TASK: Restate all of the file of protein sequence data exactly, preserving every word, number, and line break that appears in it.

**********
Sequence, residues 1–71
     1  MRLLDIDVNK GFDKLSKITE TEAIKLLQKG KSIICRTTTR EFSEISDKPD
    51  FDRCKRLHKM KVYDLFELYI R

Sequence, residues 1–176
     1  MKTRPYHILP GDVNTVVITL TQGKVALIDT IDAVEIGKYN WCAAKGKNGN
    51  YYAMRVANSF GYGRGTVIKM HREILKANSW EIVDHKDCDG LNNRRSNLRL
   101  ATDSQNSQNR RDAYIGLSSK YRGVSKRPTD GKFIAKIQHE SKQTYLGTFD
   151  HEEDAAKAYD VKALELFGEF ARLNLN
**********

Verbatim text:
Sequence, residues 1–71
     1  MRLLDIDVNK GFDKLSKITE TEAIKLLQKG KSIICRTTTR EFSEISDKPD
    51  FDRCKRLHKM KVYDLFELYI R

Sequence, residues 1–176
     1  MKTRPYHILP GDVNTVVITL TQGKVALIDT IDAVEIGKYN WCAAKGKNGN
    51  YYAMRVANSF GYGRGTVIKM HREILKANSW EIVDHKDCDG LNNRRSNLRL
   101  ATDSQNSQNR RDAYIGLSSK YRGVSKRPTD GKFIAKIQHE SKQTYLGTFD
   151  HEEDAAKAYD VKALELFGEF ARLNLN